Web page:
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Evangelicals in Lebanon

September 2006 | by Antoine Haddad

There are an estimated 20,000 Protestants in Lebanon. These comprise Presbyterians, Congregationalists, Baptists, Church of God, Nazarene, Brethren and Charismatics.

The Presbyterian and Congregational churches are similar, and form 75% of the Protestant community. The Presbyterian Synod covers Lebanon and Syria (there are several thousand Presbyterians in Syria also).

The evangelical missions that established Congregational and Presbyterian churches started work early in the nineteenth century. They founded the Syrian Protestant College (now the American University of Beirut) and the Beirut College for Women (now the Lebanese American University). Both today are secular institutions.

Sadly, most of these churches no longer preach salvation. They are heavily impacted by theological liberalism, and this has affected the training of their church leaders.

However, they do continue to subscribe credally to Reformed doctrine and there are true believers among them. There are also a few Baptist churches in Lebanon that are Reformed in doctrine.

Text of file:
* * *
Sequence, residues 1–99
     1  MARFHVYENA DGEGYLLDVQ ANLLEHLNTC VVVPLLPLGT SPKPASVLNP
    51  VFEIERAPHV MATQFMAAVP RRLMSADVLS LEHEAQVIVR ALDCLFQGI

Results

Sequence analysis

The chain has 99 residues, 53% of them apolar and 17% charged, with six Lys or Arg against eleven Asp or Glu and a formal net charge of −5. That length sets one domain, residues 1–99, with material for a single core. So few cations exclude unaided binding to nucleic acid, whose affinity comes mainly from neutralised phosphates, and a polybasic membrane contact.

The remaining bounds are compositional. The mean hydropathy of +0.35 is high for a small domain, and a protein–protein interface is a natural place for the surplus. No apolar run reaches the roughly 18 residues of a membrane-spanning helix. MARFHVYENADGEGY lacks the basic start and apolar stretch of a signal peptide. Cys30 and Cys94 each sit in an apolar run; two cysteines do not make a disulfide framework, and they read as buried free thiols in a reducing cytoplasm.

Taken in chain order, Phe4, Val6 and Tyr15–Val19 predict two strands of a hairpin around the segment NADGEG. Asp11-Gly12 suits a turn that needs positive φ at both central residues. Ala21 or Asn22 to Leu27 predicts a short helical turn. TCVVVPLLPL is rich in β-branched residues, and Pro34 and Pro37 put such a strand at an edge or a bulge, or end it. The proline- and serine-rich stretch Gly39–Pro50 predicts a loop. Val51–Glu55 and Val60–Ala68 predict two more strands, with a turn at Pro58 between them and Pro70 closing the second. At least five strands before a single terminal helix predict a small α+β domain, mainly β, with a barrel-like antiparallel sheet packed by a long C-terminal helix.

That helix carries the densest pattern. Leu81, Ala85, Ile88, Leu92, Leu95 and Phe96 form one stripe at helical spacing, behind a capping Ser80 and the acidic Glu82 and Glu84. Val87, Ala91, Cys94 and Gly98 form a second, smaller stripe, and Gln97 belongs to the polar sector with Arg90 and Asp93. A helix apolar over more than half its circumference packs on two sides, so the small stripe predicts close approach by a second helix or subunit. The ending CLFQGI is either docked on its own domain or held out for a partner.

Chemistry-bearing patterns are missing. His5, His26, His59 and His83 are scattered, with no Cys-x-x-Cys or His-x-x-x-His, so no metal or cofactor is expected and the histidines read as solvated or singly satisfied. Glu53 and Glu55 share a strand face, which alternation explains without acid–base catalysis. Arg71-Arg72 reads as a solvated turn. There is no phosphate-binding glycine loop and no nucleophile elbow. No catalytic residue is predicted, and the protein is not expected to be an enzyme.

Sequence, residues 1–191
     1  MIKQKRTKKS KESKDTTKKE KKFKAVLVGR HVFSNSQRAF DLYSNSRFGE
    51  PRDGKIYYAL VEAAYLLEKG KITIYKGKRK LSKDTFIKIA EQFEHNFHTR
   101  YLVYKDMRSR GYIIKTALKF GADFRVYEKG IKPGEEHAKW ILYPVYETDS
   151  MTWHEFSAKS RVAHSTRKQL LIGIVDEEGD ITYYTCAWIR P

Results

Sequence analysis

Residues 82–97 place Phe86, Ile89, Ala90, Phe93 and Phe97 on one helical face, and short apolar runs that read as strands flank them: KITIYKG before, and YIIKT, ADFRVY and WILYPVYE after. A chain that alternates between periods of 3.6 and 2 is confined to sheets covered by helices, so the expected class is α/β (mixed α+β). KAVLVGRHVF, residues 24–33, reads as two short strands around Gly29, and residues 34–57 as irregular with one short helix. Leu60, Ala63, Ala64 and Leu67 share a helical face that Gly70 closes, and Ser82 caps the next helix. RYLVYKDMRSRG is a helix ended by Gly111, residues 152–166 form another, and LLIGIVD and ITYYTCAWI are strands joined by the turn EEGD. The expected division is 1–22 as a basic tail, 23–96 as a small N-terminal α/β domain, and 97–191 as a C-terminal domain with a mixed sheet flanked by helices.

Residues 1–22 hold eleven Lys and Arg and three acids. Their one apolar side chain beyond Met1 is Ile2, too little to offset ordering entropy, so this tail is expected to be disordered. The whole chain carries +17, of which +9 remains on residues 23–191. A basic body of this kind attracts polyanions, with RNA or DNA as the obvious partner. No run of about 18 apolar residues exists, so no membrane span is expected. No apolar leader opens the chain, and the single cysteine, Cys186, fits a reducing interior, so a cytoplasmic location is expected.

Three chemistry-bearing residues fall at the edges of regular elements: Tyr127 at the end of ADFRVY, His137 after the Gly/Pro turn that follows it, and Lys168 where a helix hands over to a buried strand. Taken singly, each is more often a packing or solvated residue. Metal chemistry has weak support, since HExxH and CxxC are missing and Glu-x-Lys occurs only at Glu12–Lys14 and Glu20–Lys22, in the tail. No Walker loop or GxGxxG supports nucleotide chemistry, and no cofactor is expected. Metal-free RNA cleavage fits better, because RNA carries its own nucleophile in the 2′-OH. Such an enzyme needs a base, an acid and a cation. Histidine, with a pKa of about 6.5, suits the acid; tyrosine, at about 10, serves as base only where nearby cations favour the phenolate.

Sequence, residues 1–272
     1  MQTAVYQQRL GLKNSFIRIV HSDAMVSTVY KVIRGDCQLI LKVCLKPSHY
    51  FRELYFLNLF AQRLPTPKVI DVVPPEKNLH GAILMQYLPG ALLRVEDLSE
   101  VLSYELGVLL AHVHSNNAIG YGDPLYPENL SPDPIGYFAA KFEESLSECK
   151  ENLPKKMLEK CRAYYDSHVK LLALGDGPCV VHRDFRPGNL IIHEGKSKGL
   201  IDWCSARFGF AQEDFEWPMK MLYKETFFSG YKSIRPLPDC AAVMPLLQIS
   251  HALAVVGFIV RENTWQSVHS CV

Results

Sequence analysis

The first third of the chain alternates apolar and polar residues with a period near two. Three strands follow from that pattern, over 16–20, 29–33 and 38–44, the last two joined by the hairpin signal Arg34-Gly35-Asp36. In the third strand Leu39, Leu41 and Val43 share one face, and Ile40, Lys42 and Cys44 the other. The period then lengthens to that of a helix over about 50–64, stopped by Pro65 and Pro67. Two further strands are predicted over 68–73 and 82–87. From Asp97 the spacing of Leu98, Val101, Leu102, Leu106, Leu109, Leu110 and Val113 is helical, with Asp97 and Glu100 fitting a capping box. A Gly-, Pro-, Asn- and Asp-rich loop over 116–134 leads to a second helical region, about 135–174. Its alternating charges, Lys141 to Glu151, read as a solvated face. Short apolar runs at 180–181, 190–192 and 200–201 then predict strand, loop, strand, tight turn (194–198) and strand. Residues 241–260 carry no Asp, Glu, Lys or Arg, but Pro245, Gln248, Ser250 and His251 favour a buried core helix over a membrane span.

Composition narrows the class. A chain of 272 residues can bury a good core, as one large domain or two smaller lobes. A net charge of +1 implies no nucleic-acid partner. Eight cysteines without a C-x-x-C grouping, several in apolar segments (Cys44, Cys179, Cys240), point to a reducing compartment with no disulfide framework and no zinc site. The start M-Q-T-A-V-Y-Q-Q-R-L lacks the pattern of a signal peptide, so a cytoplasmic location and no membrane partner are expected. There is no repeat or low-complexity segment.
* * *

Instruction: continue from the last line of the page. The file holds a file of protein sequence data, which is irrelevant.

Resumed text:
Lebanon still retains a Christian ethos and a democratic political system. Freedom of worship and evangelism are guaranteed in the constitution. However, evangelism in Muslim communities is difficult and sometimes violently opposed by them. The country has a number of universities accommodating a large student body, with many students from other Arab countries. Lebanon is also a summer resort for Arabs including visitors from Saudi Arabia and the Gulf.

The political situation in the country is precarious. No matter how hard we try to dissociate ourselves from regional conflicts, we fail. There are over 500,000 Palestinian refugees who yearn to return to their ­country.

There exists a mosaic of various religious sects with loyalties beyond Lebanon’s borders — to Iran, Syria or Islamic religio-political movements elsewhere. This makes for great instability. Certainly, a just solution to the Palestinian problem would ensure greater stability in Lebanon and the whole region. However, this needs international pressure, particularly from America.

In spite of the many problems, Evangelical ministry in Lebanon continues unabated and the country continues to be the best base for outreach to the Arab world.

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